Upon our arrival midway up the canyon, we found the feeders at the Santa Rita Lodge to be bustling with activity. We were first greeted by the comical sight of several wild turkeys, Meleagris gallopavo, galloping around a pan-shaped feeder, trying their best to eat and chase off the competition at the same time. I did manage to snap a few shots of these magnificent birds, their iridescent feathers shining in the sun.

Gray squirrels were literally squatters in other feeders, and a Coues white-tailed deer, Odocoileus virginianus couesi, soon joined the circus.

Among the many other birds in attendance were acorn woodpeckers, lesser goldfinches, a broad-billed hummingbird, and Mexican jays.

We eventually left the other spectators at the lodge and drove to the trailheads at the top of the canyon. We settled on “Super Trail 134” as our path of choice, affording a lovely view of Mount Wrightson even before we set one foot forward.

The trail meanders through what is mostly an oak-juniper habitat, quite rocky in places. We found an abundance of lizards basking on almost every available rock during the morning hours. The majority of these reptiles were “spiny lizards” in the genus Sceloporus, but the species here are exceedingly difficult to identify. No matter, we enjoyed their antics and often splendid coloration, no doubt in preparation for courtship and territorial defense.

The hike was eerily quiet, save for our conversations, and greetings to other hikers. I suppose the silence was fitting for at least that portion of the trail that crossed into official “wilderness.” Unfortunately, just across the wilderness boundary, one gets an incredibly scenic view of a….mine (sigh).

This part of Arizona is still highly vulnerable to natural resource extraction, thanks in part to mining laws that date back to the 1800s. These are our public lands, and I feel they should be maintained for present generations, future generations, and as a legacy of past generations that included the likes of John Muir, Gifford Pinchot, and Bob Marshall. The Coronado National Forest, in which Madera Canyon is located, is indeed a national gem worthy of respect and protection.

Monday, March 16, 2009

"Golden Rocks"

The stunning silence of the Super Trail was shattered by the voice of a six-year old urgently begging for help in finding “golden rocks.” Kidspeak is always a delightful challenge to comprehend. I initially thought the boy was seeking bowling balls. My trail mates, Jeff and Cynthia Boettner, were amazingly patient. The boy was in the company of his much quieter brother with no parent in sight. Mom soon turned up, though, packing an infant in a carrier on her chest. She related that her sons had not been terribly enthusiastic about hiking, until they became focused on finding more “golden rocks.” The special stones were actually rocks containing reflective quartz crystals.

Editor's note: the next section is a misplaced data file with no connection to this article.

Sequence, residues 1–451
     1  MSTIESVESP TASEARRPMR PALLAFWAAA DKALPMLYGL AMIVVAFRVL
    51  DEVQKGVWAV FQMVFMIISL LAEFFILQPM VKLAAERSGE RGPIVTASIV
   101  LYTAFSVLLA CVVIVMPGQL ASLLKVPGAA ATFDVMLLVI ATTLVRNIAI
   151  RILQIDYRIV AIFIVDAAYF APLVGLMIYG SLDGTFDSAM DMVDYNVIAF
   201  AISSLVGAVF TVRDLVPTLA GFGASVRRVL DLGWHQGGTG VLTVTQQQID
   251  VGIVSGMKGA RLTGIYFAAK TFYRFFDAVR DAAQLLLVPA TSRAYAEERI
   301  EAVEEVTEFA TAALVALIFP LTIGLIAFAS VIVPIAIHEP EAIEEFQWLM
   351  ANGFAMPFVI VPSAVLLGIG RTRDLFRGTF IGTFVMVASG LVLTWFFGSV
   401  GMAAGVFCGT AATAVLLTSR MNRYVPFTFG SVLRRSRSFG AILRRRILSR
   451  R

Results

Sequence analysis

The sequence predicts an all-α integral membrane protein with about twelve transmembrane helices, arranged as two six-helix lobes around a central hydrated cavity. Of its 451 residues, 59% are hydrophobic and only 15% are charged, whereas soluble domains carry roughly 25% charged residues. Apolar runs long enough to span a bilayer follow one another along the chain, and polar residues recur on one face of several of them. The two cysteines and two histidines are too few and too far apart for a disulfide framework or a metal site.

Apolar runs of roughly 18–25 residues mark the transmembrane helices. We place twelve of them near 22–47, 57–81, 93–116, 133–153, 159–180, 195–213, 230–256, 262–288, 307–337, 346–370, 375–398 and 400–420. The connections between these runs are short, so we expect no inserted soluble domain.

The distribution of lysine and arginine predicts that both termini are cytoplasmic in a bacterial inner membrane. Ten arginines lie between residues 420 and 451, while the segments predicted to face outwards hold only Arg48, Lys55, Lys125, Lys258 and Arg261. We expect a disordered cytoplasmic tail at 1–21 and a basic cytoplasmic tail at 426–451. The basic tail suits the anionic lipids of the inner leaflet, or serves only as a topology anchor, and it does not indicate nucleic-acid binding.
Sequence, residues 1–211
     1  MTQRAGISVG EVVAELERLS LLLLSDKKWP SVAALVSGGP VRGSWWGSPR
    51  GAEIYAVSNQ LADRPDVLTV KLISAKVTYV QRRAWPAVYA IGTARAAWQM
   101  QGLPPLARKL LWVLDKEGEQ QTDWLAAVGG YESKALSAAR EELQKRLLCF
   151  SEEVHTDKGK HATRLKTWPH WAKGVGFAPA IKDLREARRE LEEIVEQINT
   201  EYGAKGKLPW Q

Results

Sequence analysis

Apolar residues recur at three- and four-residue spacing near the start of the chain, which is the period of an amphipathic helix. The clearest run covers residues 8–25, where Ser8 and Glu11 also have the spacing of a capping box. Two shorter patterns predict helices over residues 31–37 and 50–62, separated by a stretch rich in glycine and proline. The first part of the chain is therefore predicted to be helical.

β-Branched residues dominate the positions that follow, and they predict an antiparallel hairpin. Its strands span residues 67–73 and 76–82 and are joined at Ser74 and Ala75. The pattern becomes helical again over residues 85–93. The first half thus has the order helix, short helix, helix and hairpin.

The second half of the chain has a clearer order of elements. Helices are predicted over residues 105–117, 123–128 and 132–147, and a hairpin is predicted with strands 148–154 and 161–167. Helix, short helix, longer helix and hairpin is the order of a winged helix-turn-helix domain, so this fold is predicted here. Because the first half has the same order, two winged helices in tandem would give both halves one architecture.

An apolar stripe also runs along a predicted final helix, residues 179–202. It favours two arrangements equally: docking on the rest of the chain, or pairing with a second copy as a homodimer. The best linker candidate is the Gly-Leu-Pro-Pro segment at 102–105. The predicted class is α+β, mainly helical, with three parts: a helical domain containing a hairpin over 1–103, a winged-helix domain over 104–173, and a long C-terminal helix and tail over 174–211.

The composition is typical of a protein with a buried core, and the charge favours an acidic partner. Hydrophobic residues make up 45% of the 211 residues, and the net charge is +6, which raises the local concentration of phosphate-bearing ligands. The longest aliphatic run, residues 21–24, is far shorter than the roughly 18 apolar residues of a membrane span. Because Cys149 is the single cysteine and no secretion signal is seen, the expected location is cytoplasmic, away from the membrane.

”We hafta find more golden rocks. Look through your binoculars” the one boy pleaded with Jeff. Surely he could see the golden rocks better with an optical aid. Jeff found his naked eye more than adequate to uncover a few more pieces of quartz, for which the boy was grateful.

The quest for the quartz didn’t end when we parted ways, the boy needing substantial coaxing to stick with his own family rather than continuing to tag along with us. Jeff continued picking up golden rocks, just in case our collective paths should cross again. He decided to unload his pocketful of pebbles on a bench at the trailhead where they could be easily seen.

We ended our own trek by eating lunch at a picnic area within sight of the trailhead. Sure enough, the boys and their mother eventually came down. The precious golden rocks remained undetected, however, prompting Jeff to lend some assistance. A loud “thank you” rang throughout the picnic area and parking lot, signaling the triumph of treasure found; and the success of a mother raising her son to be polite and grateful. Jeff’s mother did something right, too.

We need purpose and goals throughout our lives, even as young children. My own mother tells me that when I was ten years old I put away my toys and told her I had to make something of my life. That sounds about right, but I can’t recall my motivation. What purpose do you have? What do you seek on the trail of life? Love? Belonging? Maybe simply memories and golden rocks.